takes seven to 11 years, she said.

But with the army of certified teachers, new software and other resources that CPS is adding and with the help of the grant, they hope to pare that learning time down to three to five years.

"By exposing our teachers to high-quality instruction and offering supplemental software, this combination, we’re hoping, shortens the time," she said.

Accelerated English learning, if successful, would help students catch up to their American-born peers and save the districts money by reducing the need for ESL instruction.

Innovative, Thoughtful Approaches to Teaching

Teachers use anything and everything to reach students. A website, , helps students learn various subject matter at their own pace and earn prizes by completing lessons – athletic shoes, Apple gift cards and other prizes.

Others may respond to jump-rope songs as a way to improve their English or by drawing a picture and discussing it with a teacher or aide.

In Aaron Brown's sixth-grade English arts class, more than half the students are English Language Learners. Brown played a clip of Frank Sinatra singing "Fly Me to the Moon," and quizzed the children in a variety of ways about it, encouraging them to think critically about the music, its context and communicating effectively. He employed the "turn and talk" method of telling students to break off into small groups to complete part of the assignment before returning to a class discussion.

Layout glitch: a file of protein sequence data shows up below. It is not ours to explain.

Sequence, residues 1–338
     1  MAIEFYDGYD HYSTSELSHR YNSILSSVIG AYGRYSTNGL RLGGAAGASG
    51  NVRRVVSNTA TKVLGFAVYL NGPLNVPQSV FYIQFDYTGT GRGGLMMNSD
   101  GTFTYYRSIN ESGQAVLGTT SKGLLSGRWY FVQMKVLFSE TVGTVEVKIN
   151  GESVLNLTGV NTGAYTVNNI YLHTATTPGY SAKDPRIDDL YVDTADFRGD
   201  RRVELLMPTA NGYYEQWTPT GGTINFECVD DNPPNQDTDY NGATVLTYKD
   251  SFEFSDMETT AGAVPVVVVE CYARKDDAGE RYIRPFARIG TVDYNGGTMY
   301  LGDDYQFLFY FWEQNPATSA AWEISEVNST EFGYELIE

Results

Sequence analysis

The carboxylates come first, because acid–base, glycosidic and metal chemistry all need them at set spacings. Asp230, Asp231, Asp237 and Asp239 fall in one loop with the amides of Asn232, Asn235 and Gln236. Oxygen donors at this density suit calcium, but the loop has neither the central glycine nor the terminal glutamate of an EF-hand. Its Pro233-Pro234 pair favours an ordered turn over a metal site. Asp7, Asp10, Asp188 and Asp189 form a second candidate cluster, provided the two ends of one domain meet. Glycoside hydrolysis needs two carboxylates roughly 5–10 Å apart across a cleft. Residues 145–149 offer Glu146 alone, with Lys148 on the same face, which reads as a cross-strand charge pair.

Brown has taught at AWL for seven years and savors the diversity.

"I just find it to be a great opportunity to learn about different cultures, for the kids and for me," he said.

Like Erskine and Striebeck, he will strengthen his skills by taking the TSL certification program at Xavier.

A Mini United Nations

Jacquelyn Rowedder, AWL's principal, said the school's population of students who need to learn English has ballooned from 22 in 1994 to 367 this year.

"It's very much a mini-United Nations here," she said.

Often, the children and parents who walk into the school office have endured a harrowing, multi-year process getting out of their native countries. About 95 percent of the school's students qualify for free or reduced lunches, a basic indicator for poverty for students.

Recently, a school official casually asked a sixth-grade girl how she came to American from Bhutan.

"In a plane," was her initial answer, Rowedder said, but after a few follow-up questions, the school learned that her father threw her through an open door of a plane that was taxiing down a runway.